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Carmen Morren’s plan had been for a late get-together after work with some of the gang from Olive Garden, her boyfriend and his friend — a typical Saturday night in Kalamazoo.

She’ll remember it for different reasons, both tragic and alternately hopeful.

Near the end of the night, Morren and her boyfriend were just minutes from hopping into a dark SUV driven by Jason Dalton — the Uber ride home they’d scheduled by phone.

By that time, Dalton is alleged to have killed six people at random. He was charged Monday with six counts of murder and authorities said he told them he committed the shootings, but not why.

Morren and her boyfriend, Dillon Thompson, had scheduled an Uber pickup for just after 11 p.m. from the Main Street Pub on Gull. And Dalton’s picture soon popped up as their driver on an automatic confirmation notice.

The couple were unaware of the terror Dalton had allegedly been causing during the previous five hours.

But Morren and Thompson hadn’t completely committed to the idea of leaving.

“Right around 11 p.m., Dillon had no drink left in his glass and I had a little left,” Morren said. “We were hemming and hawing about whether to go or not.”

Believing they would be charged a penalty if they didn’t call off the ride within five minutes, the couple canceled it. Within minutes, they’d reversed course again and ordered up another ride — this time with a different driver.

Neither Morren nor Thompson realized what had been going on until they got to their Vicksburg home, just south of Kalamazoo. It was a text from Morren’s sister-in-law, who had been following the news developments in Texas, that finally alerted them to the situation.

“I’d say it was around 11:30 p.m. or so ... she sent me a text, which was out of the ordinary at that time of night,” Morren said. “She was asking if I was OK.”

Dalton was arrested at 12:40 a.m. Sunday, roughly 90 minutes after Morren and Thompson first connected with him on Uber for the ride that was canceled.

On Monday, Morren was in a reflective mood. In the space of 36 hours, she said she’d come to feel blessed about what seems like a near miss with possible tragedy.

“We’ve been humbled, or maybe you could say (we’re) in awe,” Morren said. “I definitely think it was a higher power that kept us safe.”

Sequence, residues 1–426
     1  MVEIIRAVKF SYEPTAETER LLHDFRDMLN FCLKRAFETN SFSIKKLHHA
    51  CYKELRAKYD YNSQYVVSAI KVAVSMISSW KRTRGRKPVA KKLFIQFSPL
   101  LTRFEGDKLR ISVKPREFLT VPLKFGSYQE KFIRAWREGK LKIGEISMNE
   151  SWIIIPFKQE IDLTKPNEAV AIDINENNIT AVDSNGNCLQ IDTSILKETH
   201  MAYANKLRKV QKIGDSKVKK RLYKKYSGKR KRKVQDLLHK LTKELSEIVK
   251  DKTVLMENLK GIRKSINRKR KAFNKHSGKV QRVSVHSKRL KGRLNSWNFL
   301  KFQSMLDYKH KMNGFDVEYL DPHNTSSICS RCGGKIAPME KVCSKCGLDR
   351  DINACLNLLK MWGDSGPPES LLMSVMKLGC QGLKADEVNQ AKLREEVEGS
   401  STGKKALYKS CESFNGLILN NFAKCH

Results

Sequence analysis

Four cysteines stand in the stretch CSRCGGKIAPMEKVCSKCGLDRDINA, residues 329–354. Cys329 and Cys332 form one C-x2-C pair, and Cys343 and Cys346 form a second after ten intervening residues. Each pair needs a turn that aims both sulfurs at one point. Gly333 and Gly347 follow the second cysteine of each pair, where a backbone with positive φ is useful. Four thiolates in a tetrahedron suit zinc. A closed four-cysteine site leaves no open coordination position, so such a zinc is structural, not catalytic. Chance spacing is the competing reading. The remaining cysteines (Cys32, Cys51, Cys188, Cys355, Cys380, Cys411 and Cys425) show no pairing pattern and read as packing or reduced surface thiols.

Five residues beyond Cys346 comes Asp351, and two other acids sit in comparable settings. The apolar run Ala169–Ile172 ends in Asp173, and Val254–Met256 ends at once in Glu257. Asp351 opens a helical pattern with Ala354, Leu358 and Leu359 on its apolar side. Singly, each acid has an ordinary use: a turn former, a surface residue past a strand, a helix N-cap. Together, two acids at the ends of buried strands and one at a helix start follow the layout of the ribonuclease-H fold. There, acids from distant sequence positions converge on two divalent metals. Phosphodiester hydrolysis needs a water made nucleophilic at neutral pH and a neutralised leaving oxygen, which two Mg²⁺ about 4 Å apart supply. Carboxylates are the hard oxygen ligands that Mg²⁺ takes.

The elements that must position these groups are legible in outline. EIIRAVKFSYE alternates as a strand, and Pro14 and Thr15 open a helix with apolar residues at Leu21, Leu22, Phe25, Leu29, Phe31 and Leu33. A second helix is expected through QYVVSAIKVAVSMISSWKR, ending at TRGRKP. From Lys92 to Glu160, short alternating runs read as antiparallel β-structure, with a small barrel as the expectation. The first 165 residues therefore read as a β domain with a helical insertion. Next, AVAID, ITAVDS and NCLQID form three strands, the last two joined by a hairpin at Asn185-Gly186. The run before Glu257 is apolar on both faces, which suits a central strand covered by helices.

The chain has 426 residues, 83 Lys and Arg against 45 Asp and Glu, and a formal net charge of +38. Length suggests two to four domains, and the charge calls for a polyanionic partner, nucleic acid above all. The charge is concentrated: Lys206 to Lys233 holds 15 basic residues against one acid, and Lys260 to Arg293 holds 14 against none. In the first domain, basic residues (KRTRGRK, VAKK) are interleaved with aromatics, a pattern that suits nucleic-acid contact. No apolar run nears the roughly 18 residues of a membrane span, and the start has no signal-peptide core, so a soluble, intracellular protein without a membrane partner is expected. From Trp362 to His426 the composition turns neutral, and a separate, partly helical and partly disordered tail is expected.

In the aftermath of the shooting spree, many have sought to find fault with Uber. Morren is not one of them.

“We don’t blame Uber at all,” she said. “Obviously, Mr. Dalton cleared all his background checks and seemed like a blue-collar kind of guy — no obvious red flags.”

Earlier Saturday, Matt Mellen had a harrowing ride with Dalton, who drove through stop signs and sideswiped cars, the Associated Press reported. When Dalton came to a stop, Mellen jumped out and called police.

Mellen told Kalamazoo television station WWMT that he hailed a ride around 4:30 p.m. Saturday. He said the driver, Dalton, introduced himself as “Me-Me” and had a dog in the backseat.

Mellen sat in front. About a mile into the trip, Dalton got a phone call, and when he hung up, he began driving erratically, Mellen said.

“We were driving through medians, driving through the lawn, speeding along, and when we came to a stop, I jumped out of the car and ran away,” Mellen said. He said he called police and that when he got to his friend’s house, his fiancée posted a warning to friends on Facebook.

Mellen said he also tried warning the ride-hailing service.

“I’m upset because I tried contacting Uber after I had talked to the police, saying that we needed to get this guy off the road,” Mellen said.

Uber security chief Joe Sullivan told the Associated Press the company received complaints about Dalton from several passengers Saturday, including one about dangerous and erratic driving. Sullivan wouldn’t say whether that report came from Mellen.

Sullivan said Uber immediately suspends drivers who are accused of violent acts. But in the case of erratic driving, it typically contacts the driver first to make sure it hears both sides. Sullivan wouldn’t say whether Uber contacted Dalton on Saturday night, referring questions about the timeline of events to law enforcement.

The San Francisco-based ride-hailing service says Dalton cleared a background check and was approved to be a driver Jan. 25. He had given slightly more than 100 rides and had a rating of 4.73 stars out of a possible five.

“I don’t think that we will change our screening processes as a result of this incident,” Sullivan said. “No background check would have flagged and anticipated this situation.”

Since Dalton’s arrest, several people have come forward to say that he picked them up for Uber in the hours after the first attack. The Associated Press could not immediately confirm those accounts.

Uber is working closely with law enforcement, Sullivan said, and is providing GPS locations of Dalton’s car and other information to aid the investigation

Kalamazoo County Sheriff Richard Fuller said Uber is cooperating with law enforcement officials, and he believes the company will “help us fill in some timeline gaps.”

Investigators are particularly interested in communication between Dalton and Uber, as well as customers he might have driven, the sheriff said.

A spokeswoman for Uber confirmed that Dalton was a driver for the company, but she declined to say whether he was driving Saturday night.

Uber prohibits both passengers and drivers from possessing guns of any kind in a vehicle. Anyone found to be in violation of the policy may be prohibited from using or driving for the service.

jlynch@detroitnews.com

(313) 222-2034

Associated Press contributed.

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